8 Steps to Build a College Support Team

8 Steps to Build a College Support Team

5 minute read

When you go back to college, you’ll need support. You’ll need folks on your team who can answer any question you may have, who have your back, and can help you keep stress from taking you down. These 8 steps will help you build you support team, whether you are thinking about taking online general education courses, or enrolling full-time in a nursing degree program:

Step 1: Clearly define your educational and career goals.

Your degree path should act as a road map – and help prepare you and your family for what’s to come. It should include which career you would like upon graduation, which degree(s) qualifies you for that career, and most importantly, which courses you need for your degree. By breaking it down this way, you can divide your courses into prerequisites and major courses. Knowing which prerequisite and general education courses are necessary will allow you to be more flexible in where (and how much you end up paying) for those courses.

Step 2: Know what you need. Ask for help.

Once you decide to enroll in college, it’s go time. Don’t assume your friends, family, or coworkers understand what you need – speak with them regularly and let them know how they can help.

Step 3: Contact Student Support at school.

The student support staff at your college are available when, and how, you need them. They get what you are going through, and have a vested interest in your success. Typically, you can reach student support services through a variety of methods: online chat, email, in-person or via phone. Your college-based support system may include the following:

  • Student Advisors: Student Advisors will help get through challenges big and small, and can provide you with the confidence that you are making the right choices around your education. Student Advisors are the ones you will turn to if you have any questions about which classes to sign up for, technical difficulties, course requirements, course transfer issues, getting your transcripts, or just general questions about how your degree program works.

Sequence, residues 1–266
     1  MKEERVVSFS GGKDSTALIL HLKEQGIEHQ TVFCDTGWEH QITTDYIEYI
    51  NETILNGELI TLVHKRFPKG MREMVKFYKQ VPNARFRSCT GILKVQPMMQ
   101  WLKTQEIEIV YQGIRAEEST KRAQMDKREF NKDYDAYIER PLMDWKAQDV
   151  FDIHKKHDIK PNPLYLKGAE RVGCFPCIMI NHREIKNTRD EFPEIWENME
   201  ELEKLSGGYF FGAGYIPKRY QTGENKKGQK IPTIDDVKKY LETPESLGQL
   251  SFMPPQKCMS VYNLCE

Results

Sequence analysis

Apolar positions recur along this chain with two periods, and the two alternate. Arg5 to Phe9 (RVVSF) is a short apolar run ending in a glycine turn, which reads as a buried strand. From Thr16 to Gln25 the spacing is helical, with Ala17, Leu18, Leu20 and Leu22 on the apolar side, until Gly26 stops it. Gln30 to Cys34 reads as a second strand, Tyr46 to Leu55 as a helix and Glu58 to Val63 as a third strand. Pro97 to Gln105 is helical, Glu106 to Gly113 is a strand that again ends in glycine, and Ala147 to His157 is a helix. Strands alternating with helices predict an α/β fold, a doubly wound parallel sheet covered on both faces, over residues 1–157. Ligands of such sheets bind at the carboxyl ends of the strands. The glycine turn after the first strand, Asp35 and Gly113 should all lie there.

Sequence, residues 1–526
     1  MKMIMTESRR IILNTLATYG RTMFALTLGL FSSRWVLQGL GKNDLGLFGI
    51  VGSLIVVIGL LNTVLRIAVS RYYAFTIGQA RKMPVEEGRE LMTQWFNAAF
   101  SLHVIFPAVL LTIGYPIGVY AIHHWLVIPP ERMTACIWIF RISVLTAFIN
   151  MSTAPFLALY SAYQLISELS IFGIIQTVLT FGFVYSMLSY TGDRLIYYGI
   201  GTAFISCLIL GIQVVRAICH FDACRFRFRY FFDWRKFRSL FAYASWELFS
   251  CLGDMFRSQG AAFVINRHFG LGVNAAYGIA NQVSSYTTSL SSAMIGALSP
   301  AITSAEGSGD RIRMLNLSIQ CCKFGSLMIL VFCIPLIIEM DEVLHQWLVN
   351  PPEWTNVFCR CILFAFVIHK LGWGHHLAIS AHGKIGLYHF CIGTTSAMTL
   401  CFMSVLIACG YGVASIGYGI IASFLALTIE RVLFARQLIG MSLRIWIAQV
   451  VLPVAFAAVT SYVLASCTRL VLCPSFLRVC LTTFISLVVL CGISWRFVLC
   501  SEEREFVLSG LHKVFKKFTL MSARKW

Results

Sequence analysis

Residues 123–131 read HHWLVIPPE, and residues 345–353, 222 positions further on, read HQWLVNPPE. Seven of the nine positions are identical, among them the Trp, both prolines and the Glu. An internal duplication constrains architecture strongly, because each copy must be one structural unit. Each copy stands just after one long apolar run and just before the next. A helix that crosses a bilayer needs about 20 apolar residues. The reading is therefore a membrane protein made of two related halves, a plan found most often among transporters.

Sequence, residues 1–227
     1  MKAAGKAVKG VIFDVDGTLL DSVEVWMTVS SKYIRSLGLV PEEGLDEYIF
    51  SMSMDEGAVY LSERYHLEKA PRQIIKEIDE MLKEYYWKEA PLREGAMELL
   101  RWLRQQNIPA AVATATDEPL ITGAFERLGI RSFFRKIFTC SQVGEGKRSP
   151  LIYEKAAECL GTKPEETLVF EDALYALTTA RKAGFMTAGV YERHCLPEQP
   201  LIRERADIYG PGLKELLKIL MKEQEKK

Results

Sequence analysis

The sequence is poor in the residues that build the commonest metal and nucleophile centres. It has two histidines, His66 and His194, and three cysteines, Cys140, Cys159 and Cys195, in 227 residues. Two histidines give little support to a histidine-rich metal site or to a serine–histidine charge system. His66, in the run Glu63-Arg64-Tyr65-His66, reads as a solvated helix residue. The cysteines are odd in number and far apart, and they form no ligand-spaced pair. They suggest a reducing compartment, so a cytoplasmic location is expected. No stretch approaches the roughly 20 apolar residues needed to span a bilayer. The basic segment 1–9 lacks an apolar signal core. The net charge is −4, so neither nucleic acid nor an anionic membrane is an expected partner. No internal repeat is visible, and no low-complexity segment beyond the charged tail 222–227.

• Enrollment Counselors: Enrollment Counselors typically help students figure out the nuts and bolts of enrolling in a college course or degree program. Their expertise range from paying for college, admission requirements, and what forms to fill out when.
  • Tutors: Tutors work with you one-on-one to help you work through specific homework challenge, and provide you the academic assistance to get “unstuck” and move on.

Step 4: Communicate well, early and often.

Communicating with your family allows your educational goals to become shared family goals. Let your family know what to expect once you begin taking classes, and what adjustments will need to be made. Reassure them that you will still be there for them when they need you. The same goes for work. Let your employer and co-workers know you are going back to school. Your employer has a vested interest in your development. Things are going to come up, but if you have developed open communication lines, you’ll be able to figure things out and move forward as a team.

Step 5: Get your family involved.

Working together can help you get through the tough times – and stay focused. Successful students have involved their families by:

  • Creating a family homework hour. Adults and kids work on their homework at the same time – a time where parents actively “show” kids the importance of education.
  • Delegating household duties. Look at how things were “always” done around the home, and see where others, like your spouse, a partner, or your kids, can take a more active role.
  • Celebrating milestones. Pass that big exam? Hand in a paper on time? Finish your general education requirements? Celebrate the big and small milestones with your family.

Step 6: Remember to say “Thank you.”

Nothing shows your appreciation more than acknowledging your friends, family, and co-workers that you are aware of, and grateful for, their support.

Step 7: Sometimes you will need to say, “No.”

Set boundaries. Remember, when you say “no” to the little things, you are really saying “yes” to your bigger educational goals and career dreams.

Step 8: Give yourself – and your support team - incentives.

In the workplace, it is proven that incentive programs significantly improve performance. Consider supporting yourself, and your college support team, with incentives. These might include a family trip to a water park after exams, a special night out with your spouse, or buying your favorite cereal for every “A.” Use whatever reward system that works best for you, and your support team. With the right kind of support, you can make going back to college a reality. Going back to school and want to learn how to fit it all in? Read our tips on time management for adult learners!

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